What are black holes?
They are part of the life cycle of stars.
Some stars, like our sun, will fizzle out when the hydrogen, then helium, fuel is all used up. Others become giant supernovas as the core collapses, and then form either a neutron star or a black hole.
Black holes have so much gravity that even light cannot escape them.
All matter has gravity. The more matter a body has, the more gravity it creates. You have more gravity than your pencil. The school building has more gravity than you. The earth has more gravity still, the sun more, and black holes the most. Black holes have so much gravity that even light cannot escape.
Black holes have so much gravity, not because they are large, but they have a LOT of matter packed together.
Black holes can, in theory, come in any size. The matter just has to be densely enough packed. Earth would be a black hole if it had a diameter of 2cm.
Our sun is one of 100 billion stars in our Milky Way galaxy. The Milky Way also has 100 million black holes, including a super massive black hole at the centre, called Sagittarius A*.
It is thought that black holes exist at the centre of every galaxy.
So if we can’t see black holes, how do we know they exist?
By how they affect the stars and dust clouds around them.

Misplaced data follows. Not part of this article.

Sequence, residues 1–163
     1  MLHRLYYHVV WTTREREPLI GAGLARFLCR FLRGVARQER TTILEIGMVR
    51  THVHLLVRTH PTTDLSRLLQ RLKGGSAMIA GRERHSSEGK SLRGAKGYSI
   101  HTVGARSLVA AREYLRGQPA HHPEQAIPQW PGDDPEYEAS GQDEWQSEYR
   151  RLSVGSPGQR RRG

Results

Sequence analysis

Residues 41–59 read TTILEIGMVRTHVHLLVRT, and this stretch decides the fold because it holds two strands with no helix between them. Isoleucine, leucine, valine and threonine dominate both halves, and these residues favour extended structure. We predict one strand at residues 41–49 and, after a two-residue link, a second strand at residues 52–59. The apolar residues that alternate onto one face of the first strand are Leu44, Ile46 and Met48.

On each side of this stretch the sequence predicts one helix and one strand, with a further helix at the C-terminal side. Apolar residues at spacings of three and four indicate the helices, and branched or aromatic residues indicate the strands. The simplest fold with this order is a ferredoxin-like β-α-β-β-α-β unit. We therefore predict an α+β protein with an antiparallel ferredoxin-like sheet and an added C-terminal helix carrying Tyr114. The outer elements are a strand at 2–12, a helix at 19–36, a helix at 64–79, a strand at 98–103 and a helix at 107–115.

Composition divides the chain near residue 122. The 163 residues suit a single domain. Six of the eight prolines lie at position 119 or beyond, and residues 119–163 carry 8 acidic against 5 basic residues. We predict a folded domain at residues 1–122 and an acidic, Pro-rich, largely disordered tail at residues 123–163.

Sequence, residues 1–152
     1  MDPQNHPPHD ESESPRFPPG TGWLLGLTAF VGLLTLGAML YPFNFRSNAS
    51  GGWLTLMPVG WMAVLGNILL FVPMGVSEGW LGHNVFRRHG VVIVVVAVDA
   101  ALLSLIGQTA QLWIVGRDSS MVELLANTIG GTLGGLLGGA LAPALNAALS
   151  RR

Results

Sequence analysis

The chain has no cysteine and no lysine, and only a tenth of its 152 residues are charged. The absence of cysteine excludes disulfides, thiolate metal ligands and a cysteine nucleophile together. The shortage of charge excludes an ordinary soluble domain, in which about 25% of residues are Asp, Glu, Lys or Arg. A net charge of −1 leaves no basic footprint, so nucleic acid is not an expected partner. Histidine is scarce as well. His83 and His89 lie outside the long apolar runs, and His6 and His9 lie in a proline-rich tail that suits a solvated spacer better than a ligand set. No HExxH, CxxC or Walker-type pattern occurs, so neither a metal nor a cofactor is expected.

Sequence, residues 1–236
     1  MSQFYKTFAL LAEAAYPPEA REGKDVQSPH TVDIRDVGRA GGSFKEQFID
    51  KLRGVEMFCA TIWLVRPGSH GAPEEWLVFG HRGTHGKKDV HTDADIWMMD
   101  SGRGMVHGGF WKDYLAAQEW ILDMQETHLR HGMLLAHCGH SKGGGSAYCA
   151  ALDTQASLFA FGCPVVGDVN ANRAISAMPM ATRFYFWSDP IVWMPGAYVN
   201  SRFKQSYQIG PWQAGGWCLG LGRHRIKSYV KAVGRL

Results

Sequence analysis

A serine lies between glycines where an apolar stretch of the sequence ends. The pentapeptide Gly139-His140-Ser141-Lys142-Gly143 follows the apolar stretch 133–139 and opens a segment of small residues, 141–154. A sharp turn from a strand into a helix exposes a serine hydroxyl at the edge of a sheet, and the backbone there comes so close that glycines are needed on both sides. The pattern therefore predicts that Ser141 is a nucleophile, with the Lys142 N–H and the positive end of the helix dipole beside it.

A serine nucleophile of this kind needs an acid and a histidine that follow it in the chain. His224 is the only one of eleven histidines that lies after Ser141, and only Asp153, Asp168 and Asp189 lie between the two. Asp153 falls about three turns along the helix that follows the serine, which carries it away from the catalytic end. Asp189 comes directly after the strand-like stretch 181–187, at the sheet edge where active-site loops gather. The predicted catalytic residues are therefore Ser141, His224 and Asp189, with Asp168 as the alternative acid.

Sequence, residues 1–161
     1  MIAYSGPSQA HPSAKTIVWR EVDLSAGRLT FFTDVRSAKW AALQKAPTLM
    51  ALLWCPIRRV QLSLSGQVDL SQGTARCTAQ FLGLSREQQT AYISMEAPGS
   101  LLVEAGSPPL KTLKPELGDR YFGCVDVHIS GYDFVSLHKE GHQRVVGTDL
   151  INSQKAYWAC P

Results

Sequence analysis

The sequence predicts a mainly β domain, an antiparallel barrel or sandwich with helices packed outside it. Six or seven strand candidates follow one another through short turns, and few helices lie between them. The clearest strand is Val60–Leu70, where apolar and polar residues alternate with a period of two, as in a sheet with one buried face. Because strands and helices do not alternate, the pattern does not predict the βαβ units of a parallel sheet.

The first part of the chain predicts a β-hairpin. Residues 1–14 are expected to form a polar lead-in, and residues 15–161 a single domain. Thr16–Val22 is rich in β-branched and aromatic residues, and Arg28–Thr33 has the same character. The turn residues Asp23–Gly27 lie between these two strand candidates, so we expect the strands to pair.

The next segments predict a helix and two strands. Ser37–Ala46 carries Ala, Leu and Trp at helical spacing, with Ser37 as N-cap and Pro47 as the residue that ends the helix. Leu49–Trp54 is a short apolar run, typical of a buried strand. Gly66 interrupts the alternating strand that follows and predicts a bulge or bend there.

Students move through four stations to explore different phenomena around black holes, that allows us to study them.
They fill out the accompanying worksheet (attached below).
1. Orbits of stars around a black hole with the gravity well model. Set up the activity with the event horizon in the centre.
Astronomers look for stars that appear to be orbiting around “nothing.” Here is a drawing of the orbits of stars around Sagittarius A*: https://inspirehep.net/record/800608/files/f16.png
Model stars orbiting a black hole, and experiment with orbit shapes and speeds.
2. Swirling gas around a black hole modelled with the tornado in a bottle activity.
One of the only features of a black hole you can see are the swirling clouds of stellar dust and gas around them, called accretion discs. See this image: https://www.nasa.gov/sites/default/files/cygx1_ill_0.jpg
Long streamers of gas are pulled into the black hole, travelling faster as it gets closer to the black hole. As the matter accelerates into the black hole and heats up, it emits x-rays that radiate into space. We can detect these X-rays.
This activity models the rotating accretion disc with gas being pulled into the black hole.
3. Orbit speed around the black hole activity.
When astronomers find a star in orbit with an invisible companion, they can look at the size and speed of the orbit to figure out the size of the black hole. Students model two masses orbiting each other to observe relative orbit sizes and speeds.
4. Gravitational lensing model
A black hole’s gravity bends light, so that galaxies behind it form distorted images. They can be used to map where the black hole is. See this image of distorted galaxies: https://en.wikipedia.org/wiki/Gravitational_lens#/media/File:A_Horseshoe...
This activity models the appearance of light distorted by a black hole.